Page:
Welcome back to Week Eight of the Detroit Power Play Update series. Each week, I’ll take a look back at the previous week’s power play performance. At the bottom, you will find links to the previous editions.
5v4 Stats Update
This article is accurate through the games of November 25th. For this article, the focus will be on the difference between the first 15 games and the next 8, in which Detroit has scored 1 power play goal (on a 5-on-3). It took longer than usual to put together, so the Columbus game on 11/26 will be included in next week’s article.
First, here’s a quick update on the team metrics that this series is focusing on:
Goals / 60: 17th. Last week: 11th
Unblocked Shots / 60: 27th. Last week: 20th
High Danger Chances For / 60: 22nd. Last week: 14th.
% HDCF of Unblocked Shots: 19th. Last week: 16th.
Detroit’s numbers at 5v4 continue on their downward spiral. This article will try to figure out where the blame lies.
To put in context the penalty killers Detroit was up against last week, here are the 4v5 rankings for the teams Detroit played in the last three games (1st is league best, 31st is league worst):
Goals Against / 60: 18th
Unblocked Shots Against / 60: 28th
High Danger Chances Against / 60: 17th
% HDCA of Unblocked Shots: 6th
Goals Against / 60: 25th
Unblocked Shots Against / 60: 3rd
High Danger Chances Against / 60: 19th
% HDCA of Unblocked Shots: 29th
Goals Against / 60: 12th
Unblocked Shots Against / 60: 21st
High Danger Chances Against / 60: 7th
% HDCA of Unblocked Shots: 5th
So, the last 8 games have seen a sharp decline in Detroit’s power play production, in every metric.
You don’t have to be an expert to see that the two groups of numbers below are starkly different.
So what’s going on?
Face-offs / Shot Locations
Over the last 8 games, Detroit’s face-off win percentage at 5v4 has dropped from 65% to 39%. A face-off win does not necessarily lead to zone time or a shot on goal, and a face-off loss does not necessarily lead to a clear, but on the power play, a drop of 16% over an 8 game stretch is going to hurt a team. Improving face-off win% is an obvious starting point to getting back to where the team was previously.
To keep from repeatedly writing this, we are talking about an eight game stretch. It’s long enough to be a legitimate concern, but it’s not like all is lost.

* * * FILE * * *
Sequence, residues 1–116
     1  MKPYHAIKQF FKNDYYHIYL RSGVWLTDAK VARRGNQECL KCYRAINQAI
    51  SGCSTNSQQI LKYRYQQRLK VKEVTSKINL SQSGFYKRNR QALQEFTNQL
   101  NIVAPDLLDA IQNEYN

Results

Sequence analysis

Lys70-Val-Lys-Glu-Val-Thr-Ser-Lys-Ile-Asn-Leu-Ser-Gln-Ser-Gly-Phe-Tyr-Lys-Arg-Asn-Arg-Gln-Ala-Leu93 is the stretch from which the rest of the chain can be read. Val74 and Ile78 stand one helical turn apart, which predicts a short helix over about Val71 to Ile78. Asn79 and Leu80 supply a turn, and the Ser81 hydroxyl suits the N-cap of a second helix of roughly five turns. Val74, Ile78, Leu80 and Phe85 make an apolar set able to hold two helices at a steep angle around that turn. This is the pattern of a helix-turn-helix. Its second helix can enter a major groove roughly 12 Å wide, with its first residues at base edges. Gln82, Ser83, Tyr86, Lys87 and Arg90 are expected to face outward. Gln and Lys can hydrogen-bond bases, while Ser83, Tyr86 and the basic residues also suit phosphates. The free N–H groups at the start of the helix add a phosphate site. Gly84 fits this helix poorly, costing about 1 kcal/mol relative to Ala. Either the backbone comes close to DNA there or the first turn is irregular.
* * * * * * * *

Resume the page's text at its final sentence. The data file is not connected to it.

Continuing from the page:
Throughout this series, we have been looking at shot locations. We’ve seen them broken down by player, by unit, by handedness, etc. For today, we don’t really have to do any of that to see a major problem.
After the next two images, I’ll go into what the sections mean, but even without that, it’s pretty clear what is different.
For this article, the danger zone boundaries from the now defunct site War-On-Ice was used. This only takes into account shot locations. Other factors will affect the danger of a shot. For example a rebound will add a level of danger because a goalie has to react quickly. The short version is that this is an estimate. War-On-Ice calculated that an average shot from the different zones had the following probability of being a goal.
HD - 24/193 (12.4%)
MD - 10/310 (3.23%)
LD - 10/510 (1.96%)
Another thing to keep in mind is that the zones used are for 5v5. That’s obviously a major difference, and something to keep in mind. I could not find anything similar for 5v4, so I plan on making my own in the future.
I talked to Prashanth Iyer about it, and he made a heat map of all 5v4 goal locations from the last 8 seasons. As you can see, the danger zones extend further out than at 5v5, which makes sense, and the shape also makes sense with many teams using a 1-3-1 formation.
Adding a version of this plot overlaid on the shot data shows us that while Detroit has certainly not been getting chances from in close during this stretch, they’ve still had a good amount of shots from places where 5v4 goals are typically scored from:
Note: I changed the colors from the first one, and I didn’t have the time to change the earlier shot locations charts. I’m working on making it easier to see the differences between the shot types, so look for more of that in future articles.
Using data from Natural Stat Trick, we can get an idea of the typical shooting percentage for each danger level of shot. Based on the last three full seasons, the shooting percentages for each type of shot are:
The chart of shot locations from the first 15 games of the season shows Detroit’s shooting percentage in these danger zones. So you don’t have to scroll up, I’ll repeat it here:
HD: 25% / MD: 23.5% / LD: 3%.